Dividends are always welcome by shareholders, but not all dividends are created equal. What I mean is that investors have to carefully scrutinize a company’s dividend payments to assess if they are sustainable. One useful method is to look at the dividend payout ratio. The level of the ratio can provide may useful insights into a company’s use of cash and also its plans for growth. In this article, I will dive into three broad categories of the dividend payout ratio and their implications for us as investors.
Knowing the payout ratio
The dividend payout ratio is defined as the ratio of a company’s dividend per share to its earnings per share. For example, a company paying a dividend of $0.10 per share with $0.20 in earnings per share has a payout ratio of 50% ($0.10/$0.20).
The payout ratio of 50% implies that the company is paying out $0.10 per share of its earnings as a dividend while retaining the remaining $0.10 to reinvest for growth. A company can theoretically only pay out what it has earned. Companies with a payout ratio exceeding 100% are drawing on past reserves to pay out their dividends – it’s not a good idea as doing so would erode the equity base of the companies if they carry on that course of action.
Payout ratio of 0%: A pure growth company
Companies which do not pay a dividend are considered as pure growth companies, as they are reinvesting all their profits to grow their businesses.
Not paying a dividend makes sense if a company is experiencing high levels of growth, and is able to reinvest its cash to attain a high return on invested capital (ROIC). By reinvesting the cash, the growth in the company’s earnings and cash flows would eventually translate into better valuations and a higher share price. As investors, we can enjoy good capital gains by investing in such companies and holding onto them.
Payout ratio between 20% and 80%: Growth plus yield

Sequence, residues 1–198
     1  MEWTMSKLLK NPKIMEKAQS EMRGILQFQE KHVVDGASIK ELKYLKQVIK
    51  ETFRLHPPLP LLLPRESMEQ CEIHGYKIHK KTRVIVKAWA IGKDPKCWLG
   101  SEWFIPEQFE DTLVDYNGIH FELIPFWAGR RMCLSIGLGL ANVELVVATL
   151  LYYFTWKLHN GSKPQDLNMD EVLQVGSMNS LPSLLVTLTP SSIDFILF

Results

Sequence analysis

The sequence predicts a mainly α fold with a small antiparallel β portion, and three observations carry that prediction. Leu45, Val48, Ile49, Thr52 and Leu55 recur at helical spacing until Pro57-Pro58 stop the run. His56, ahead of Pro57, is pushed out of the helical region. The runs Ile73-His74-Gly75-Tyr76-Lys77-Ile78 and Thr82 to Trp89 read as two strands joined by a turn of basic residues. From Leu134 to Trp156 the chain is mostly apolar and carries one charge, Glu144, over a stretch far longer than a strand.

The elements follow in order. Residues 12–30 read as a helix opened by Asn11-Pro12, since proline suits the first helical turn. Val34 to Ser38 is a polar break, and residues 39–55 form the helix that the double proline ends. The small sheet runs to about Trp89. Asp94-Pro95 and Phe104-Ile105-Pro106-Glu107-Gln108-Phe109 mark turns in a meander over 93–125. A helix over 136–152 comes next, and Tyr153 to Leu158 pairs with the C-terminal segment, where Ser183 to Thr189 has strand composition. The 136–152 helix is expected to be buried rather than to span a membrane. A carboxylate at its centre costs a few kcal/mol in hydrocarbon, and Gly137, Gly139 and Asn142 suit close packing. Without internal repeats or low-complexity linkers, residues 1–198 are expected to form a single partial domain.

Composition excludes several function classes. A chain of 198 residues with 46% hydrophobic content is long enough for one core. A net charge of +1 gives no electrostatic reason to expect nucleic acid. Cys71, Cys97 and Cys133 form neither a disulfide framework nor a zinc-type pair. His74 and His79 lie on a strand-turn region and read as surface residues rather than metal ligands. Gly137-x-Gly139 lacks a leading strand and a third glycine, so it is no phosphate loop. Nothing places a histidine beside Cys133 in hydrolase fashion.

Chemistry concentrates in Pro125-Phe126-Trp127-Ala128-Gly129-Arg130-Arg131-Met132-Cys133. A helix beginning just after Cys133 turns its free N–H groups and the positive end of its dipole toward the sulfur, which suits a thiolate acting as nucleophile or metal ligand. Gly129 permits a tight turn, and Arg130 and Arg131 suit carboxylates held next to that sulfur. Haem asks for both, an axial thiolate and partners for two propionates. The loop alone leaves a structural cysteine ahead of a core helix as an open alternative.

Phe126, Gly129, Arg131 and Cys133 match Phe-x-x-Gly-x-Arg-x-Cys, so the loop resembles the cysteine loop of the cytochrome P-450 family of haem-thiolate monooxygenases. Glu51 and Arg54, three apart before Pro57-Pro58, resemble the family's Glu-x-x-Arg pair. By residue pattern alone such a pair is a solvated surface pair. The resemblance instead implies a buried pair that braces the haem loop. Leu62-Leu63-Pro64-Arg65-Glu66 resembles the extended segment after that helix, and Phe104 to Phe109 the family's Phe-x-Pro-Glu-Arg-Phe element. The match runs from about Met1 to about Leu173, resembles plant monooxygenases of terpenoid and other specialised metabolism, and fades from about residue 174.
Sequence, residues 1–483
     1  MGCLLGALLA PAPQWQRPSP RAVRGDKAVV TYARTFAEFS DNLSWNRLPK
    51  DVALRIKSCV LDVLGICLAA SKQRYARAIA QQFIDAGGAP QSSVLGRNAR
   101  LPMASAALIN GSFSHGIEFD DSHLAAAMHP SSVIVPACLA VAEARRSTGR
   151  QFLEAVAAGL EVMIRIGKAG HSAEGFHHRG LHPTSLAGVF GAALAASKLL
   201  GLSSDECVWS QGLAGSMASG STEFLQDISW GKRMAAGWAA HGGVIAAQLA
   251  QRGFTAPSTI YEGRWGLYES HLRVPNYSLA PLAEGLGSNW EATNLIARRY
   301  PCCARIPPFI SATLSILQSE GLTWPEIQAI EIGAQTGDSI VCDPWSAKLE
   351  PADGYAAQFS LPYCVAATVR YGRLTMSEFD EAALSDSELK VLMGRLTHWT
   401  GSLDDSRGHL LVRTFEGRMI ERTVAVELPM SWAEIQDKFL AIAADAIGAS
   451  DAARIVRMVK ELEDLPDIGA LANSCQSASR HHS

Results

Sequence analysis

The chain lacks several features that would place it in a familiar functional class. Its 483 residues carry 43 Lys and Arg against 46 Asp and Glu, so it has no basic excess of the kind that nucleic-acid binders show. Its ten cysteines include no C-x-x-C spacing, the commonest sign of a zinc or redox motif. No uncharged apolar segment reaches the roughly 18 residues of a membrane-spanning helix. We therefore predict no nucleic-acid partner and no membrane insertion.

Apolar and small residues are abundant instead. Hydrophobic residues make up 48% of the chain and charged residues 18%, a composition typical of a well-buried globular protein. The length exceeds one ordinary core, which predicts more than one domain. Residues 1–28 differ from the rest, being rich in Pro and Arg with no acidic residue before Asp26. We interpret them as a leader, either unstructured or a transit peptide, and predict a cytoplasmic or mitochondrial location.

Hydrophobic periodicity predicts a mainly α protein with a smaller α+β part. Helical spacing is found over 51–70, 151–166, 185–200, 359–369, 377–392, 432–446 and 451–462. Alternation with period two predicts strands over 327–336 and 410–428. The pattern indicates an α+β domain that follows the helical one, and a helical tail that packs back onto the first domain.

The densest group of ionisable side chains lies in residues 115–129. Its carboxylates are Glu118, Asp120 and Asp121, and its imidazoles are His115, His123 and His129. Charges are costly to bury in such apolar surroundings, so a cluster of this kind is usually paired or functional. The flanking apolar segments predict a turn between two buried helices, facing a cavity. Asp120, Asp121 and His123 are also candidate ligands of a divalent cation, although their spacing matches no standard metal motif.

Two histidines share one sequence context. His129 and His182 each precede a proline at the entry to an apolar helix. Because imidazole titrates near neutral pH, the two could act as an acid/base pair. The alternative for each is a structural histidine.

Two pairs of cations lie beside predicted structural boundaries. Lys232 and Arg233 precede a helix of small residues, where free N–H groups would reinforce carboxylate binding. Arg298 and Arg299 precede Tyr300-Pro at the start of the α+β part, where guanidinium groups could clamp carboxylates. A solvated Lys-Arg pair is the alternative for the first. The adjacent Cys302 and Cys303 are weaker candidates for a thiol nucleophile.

Companies which have a payout ratio in the range above play a dual role of rewarding shareholders with dividends, and also reinvesting some portion of their earnings for growth.
However, do note that such companies usually have a lower ROIC than pure growth companies, and their dividend yields are also not fantastically high (usually in the 2% to 4% range). To me, however, I am getting the best of both worlds: There’s some yield along with some growth.
Payout ratio of 80% or more: A yield company
A high payout ratio is a signal that a company has limited growth prospects, and that the company is turning into a cash cow. Investors would thus enjoy a good, steady dividend, but should not expect the company to grow its earnings meaningfully. Some examples of such companies in Singapore’s stock market are real estate investment trusts, which have a mandatory payout ratio of at least 90%. Some business trusts in the local market even pay out all their earnings as dividends (i.e. a payout ratio of 100% or more).
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The information provided is for general information purposes only and is not intended to be personalised investment or financial advice.